Is it worth a career change?

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Never Enough Money wrote:

We need a strong 3rd Political party in the US.
Imagine... Republicans, Democrats, and Woodcrats!
Sorry... <G>
> Does anyone have any idea how much I

If you're really serious about this, request the franchisee information information via Woodcraft's web page. After you get and digest the information, if you're still interested, you may be able to contact some distant franchisees.
There should be CPA's and lawyers local to you who specialize in small business matters, some with great experience working with franchises, who can be money in the bank when researching the business. They can help you formulate questions and possibly clarify data provided by Woodcraft HQ. Good franchises can give you a great boost and take some of the risk out of starting up, but you'll pay (possibly a lot) for the service.
The most successful Woodcraft store in my area, Manchester, CT, is attached to a well run woodworking school. Both the school and the store have shown good signs of growth and development over the last 4-5 years they've been open, which is an excellent sign. The store occupies an excellent, easy to find and travel to location.
One important point to remember is that in the end, Woodcraft is a retail store. You'll be hiring, managing, and selling, not woodworking. Retail is retail, regardless of what you're selling, and some background in supervision, store management, customer service, and merchandising will help a great deal toward your success.
Any retail store involves lots of menial labor like cleaning, dusting, arranging items. Finding the right staff and keeping them excited and engaged is very important, as store order and cleanliness and staff attentiveness counts for so much in a walk-in retail operation. Nothing eats profits like a dusty, messy store and rude, inattentive employees.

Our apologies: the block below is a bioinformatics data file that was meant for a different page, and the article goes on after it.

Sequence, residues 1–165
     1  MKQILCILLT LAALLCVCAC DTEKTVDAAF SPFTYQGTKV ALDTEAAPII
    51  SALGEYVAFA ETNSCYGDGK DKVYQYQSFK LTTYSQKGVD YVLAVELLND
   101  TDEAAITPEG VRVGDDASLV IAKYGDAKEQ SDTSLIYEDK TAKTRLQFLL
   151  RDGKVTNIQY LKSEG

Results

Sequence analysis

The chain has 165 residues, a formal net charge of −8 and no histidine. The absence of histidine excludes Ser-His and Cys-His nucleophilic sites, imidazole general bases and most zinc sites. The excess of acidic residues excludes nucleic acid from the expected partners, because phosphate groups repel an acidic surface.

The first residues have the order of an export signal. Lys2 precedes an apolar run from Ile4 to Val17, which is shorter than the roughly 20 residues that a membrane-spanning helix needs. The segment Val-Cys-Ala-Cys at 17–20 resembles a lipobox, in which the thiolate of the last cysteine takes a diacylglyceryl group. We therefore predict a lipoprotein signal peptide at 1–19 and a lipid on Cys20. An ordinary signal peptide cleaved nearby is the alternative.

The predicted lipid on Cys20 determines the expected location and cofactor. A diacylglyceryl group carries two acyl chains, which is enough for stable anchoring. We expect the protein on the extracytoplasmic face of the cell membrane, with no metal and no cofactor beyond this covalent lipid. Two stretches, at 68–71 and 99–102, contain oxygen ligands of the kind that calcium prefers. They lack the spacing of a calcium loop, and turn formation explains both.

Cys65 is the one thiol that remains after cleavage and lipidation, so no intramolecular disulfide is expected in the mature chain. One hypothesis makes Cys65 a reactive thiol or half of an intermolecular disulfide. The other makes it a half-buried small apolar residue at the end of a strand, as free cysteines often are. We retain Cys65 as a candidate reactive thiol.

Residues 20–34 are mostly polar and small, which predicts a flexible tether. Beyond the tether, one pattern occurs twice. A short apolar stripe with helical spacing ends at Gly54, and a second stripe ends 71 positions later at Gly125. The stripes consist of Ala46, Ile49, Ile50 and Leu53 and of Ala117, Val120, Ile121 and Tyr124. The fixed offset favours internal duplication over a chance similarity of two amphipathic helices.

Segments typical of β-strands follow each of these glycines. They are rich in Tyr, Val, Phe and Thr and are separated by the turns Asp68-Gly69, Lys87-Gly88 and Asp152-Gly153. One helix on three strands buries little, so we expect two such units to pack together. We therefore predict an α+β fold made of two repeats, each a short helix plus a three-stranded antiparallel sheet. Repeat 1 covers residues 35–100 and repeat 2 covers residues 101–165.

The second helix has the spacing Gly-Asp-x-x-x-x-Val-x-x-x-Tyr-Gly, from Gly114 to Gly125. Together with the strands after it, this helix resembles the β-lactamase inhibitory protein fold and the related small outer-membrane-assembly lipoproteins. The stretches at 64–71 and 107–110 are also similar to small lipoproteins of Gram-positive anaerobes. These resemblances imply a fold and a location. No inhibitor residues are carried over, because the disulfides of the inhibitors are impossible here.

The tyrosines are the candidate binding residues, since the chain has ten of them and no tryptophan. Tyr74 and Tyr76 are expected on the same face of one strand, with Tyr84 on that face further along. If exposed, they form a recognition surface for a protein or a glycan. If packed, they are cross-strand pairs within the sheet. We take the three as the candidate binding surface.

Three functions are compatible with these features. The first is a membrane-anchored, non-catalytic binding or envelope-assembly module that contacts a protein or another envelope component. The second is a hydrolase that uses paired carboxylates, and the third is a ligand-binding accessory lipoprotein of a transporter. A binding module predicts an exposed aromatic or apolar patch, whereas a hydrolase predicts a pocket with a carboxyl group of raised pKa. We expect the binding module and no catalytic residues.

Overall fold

If you're not in retail now, remember that many of the important times you should be in the store might be the same time that you now spend with family. Some people LOVE running retail stores, others can't stand it.
I know some very successful retailers well, so if you honestly think it's for you, go for it!
Good luck!
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B A R R Y wrote:

[snip]
Yep, the Woodcrat party would be nice. Their platform could include: Tools in every garage. Encouraging splinter groups. Board, not boring. Go with the grain. Use domestic hardwoods first, use foreign exotics only if they enter legally. Oil for tools. Make the playing field level with a planer. No Child left behind a table saw. Tool stamps, instead of food stamps.
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Never Enough Money wrote:

If you came up with those on short notice, I'd forget the woody store and concentrate on the writing. You have a flair.
Or, run for office. If that's your platform, I'll vote for you - you couldn't do much worse!
Career changes are based on three factors - money, quality of life and satisfaction. Please note that they are as close to being mutually exclusive as you want them to be.
R
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What would the Woodcrat party's platform planks be?
-- Mark
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The "Build Your Own" platform, of course.
"Sawdust in every pot"
Vote for Old Hickory